The last Arab democracy goes under

Share

The last Arab democracy goes under

Tunisia would seem to have everything going for it. Average salaries are the third-highest in all of Africa’s 50 countries, just behind Morocco and South Africa. Literacy is 97 per cent among the under-30s, population growth is only one per cent per year, and it’s a democracy that functions under the rule of law. Or rather, it was.

The results of the July 25 referendum are in, and the proposal to give dictatorial powers to Tunisia’s usurper president, Kais Saied, got a 94.7 per cent “yes” vote.

It’s true that only one-third of those entitled to vote actually did so, and that most of the opposition parties called for a boycott. But nobody was prevented from voting: the reason the opposition called on their supporters to abstain was that they knew how badly they would lose.

Riadh Dridi/AP Photo

Supporters of Tunisian President Kais Saied take to the streets on July 25 to celebrate the vote for a controversial new constitution that critics say could reverse hard-won democratic gains and entrench a presidential power grab.

How did it come to this? Eleven years ago, Tunisia was the birthplace of the “Arab Spring,” a wave of mostly non-violent democratic revolutions in the Arab world. Some were drowned in blood (Bahrain, Egypt), some turned into long-lasting civil wars (Libya, Syria, Yemen), and some just sputtered out (Algeria, Morocco). But Tunisia’s revolution survived.

However, it did not thrive. Tunisia has had 10 governments in the past 11 years, all of them crippled by the fact the biggest party, with more than one-third of the seats in parliament, was an Islamic party called Ennahda (Renaissance).

The Muslim Brotherhood-linked group was “moderate” as these things go in Islamic circles, but its leaders had been living in exile until the overthrow of long-ruling dictator Zine al-Abidine Ben Ali in 2011. It quickly captured one-third of the vote (mostly older people), and became the indispensable core of any coalition hoping to gain a parliamentary majority.

Moderate though it was, Ennahda’s Islamic priorities made collaboration with any of the secular political parties a non-stop tug-of-war, so the coalitions never survived long and very little got done. The economy floundered, unemployment soared, and it was not just the Islamic party but democracy in general that got the blame.

Much the same process happened in Egypt, except a lot faster. The democratic revolution succeeded, the dictator Hosni Mubarak was overthrown in 2011 – and the first free election brought an Islamic party to power.

Unfortunately, the principles of the Muslim Brotherhood’s “Freedom and Justice Party” made co-operation with secular democratic forces impossible, so the army made an alliance with the secular democrats and overthrew it in 2013. Then it betrayed the gullible secular democrats too, and General Abdel Fatah el-Sisi has ruled unchallenged ever since.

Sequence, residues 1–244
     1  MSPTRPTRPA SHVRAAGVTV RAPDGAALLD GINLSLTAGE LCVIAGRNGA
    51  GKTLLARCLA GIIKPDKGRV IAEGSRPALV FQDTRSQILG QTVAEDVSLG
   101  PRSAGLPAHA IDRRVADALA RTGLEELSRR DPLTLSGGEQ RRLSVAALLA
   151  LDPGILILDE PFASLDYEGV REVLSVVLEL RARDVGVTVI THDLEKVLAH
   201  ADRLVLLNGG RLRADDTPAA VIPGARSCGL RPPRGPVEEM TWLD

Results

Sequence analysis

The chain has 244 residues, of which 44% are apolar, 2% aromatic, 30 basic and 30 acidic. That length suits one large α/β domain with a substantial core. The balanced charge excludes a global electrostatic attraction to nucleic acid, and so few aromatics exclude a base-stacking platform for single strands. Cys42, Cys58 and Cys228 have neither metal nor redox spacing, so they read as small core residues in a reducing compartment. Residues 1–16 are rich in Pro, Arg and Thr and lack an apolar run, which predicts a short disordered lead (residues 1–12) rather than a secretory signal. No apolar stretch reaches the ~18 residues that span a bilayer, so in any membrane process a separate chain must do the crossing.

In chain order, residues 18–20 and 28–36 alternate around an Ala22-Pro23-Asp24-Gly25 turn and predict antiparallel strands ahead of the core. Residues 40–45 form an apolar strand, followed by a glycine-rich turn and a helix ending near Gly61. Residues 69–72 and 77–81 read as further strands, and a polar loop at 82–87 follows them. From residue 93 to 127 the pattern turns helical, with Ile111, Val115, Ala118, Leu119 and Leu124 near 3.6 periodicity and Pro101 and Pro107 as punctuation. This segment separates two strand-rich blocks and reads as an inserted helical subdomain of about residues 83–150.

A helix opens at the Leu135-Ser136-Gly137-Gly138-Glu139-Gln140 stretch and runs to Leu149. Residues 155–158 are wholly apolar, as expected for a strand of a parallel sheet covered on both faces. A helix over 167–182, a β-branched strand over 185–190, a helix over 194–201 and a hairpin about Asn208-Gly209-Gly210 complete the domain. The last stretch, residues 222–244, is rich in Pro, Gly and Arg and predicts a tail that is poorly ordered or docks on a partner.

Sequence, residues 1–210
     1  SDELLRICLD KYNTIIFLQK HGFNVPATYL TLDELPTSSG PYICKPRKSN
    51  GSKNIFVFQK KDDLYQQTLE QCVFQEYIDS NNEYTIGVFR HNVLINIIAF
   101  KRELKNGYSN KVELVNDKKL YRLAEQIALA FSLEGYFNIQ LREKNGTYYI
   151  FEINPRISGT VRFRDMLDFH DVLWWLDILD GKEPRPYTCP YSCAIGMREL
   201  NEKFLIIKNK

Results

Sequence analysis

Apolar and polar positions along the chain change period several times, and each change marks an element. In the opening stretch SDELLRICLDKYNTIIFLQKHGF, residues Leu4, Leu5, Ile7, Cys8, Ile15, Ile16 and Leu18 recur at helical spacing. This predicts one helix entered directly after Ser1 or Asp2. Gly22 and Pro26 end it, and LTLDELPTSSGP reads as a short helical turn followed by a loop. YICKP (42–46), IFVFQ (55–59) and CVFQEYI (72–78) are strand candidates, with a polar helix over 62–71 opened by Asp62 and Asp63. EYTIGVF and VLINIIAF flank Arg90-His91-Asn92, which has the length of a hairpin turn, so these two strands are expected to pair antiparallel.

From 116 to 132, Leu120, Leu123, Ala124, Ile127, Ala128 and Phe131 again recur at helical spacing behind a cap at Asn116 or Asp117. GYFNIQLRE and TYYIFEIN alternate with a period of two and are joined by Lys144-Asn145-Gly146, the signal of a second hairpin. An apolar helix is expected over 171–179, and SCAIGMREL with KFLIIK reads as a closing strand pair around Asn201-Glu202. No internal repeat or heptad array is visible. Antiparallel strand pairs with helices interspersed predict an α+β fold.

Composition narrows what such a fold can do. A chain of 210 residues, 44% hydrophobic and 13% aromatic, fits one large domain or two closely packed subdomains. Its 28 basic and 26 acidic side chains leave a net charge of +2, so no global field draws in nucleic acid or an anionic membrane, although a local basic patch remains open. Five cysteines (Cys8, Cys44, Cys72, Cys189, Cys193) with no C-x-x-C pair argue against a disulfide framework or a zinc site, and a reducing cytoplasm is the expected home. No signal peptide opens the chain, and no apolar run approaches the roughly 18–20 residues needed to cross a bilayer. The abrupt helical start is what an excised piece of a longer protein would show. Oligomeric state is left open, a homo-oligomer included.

In Tunisia in 2022, the budding dictator is a former law professor, Kais Saied. He was elected president three years ago in a free election, and he ruled until 2021 as a legitimate and law-abiding chief executive. But as popular anger at the stalemated parliament grew, he spotted an opportunity.

Last July he dismissed the prime minister, suspended parliament and began ruling by decree. Two months ago he gave himself the power to fire judges as will, and promptly sacked 57 of them. And this month he staged the constitutional referendum that makes all these changes permanent.

The forms and rituals of democracy are observed, but the new reality is an autocratic ruler who can probably arrange his own re-election indefinitely – although to ensure no popular resistance, he will eventually have to re-create the old police state as well.

The sad truth is that Kais Saied, a former law professor, has the support of the great majority of Tunisia’s 11 million people for the moment. A recent opinion poll found 81 per cent of Tunisians prefer a strong leader, and 77 per cent don’t care if that leader is elected or not, so long as the economy creates jobs and delivers a decent standard of living.

The same poll, conducted by Arab Barometer, a research network based at Princeton University, found similar majorities in favour of strong-man rule exist in almost all the other Arab countries. In only one Arabic-speaking country, Morocco, do most people disagree with the statement that a country needs a leader who can “bend the rules” to get things done.

The Arab world is the least democratic region of the world because Arabs have come to believe the economy is weak in a democracy. This is a bizarre belief, since almost all of the world’s richest countries are democracies, but it sounds right to Arabs because their democracies don’t work at all well.

The truth is they don’t work well for Arabs, because Arab democracies are usually sabotaged and often paralyzed by the zero-sum competition between two rival revolutionary movements, democratic and Islamist. There’s no short-term solution to that.

Gwynne Dyer’s new book is The Shortest History of War.

Credit: The last Arab democracy goes under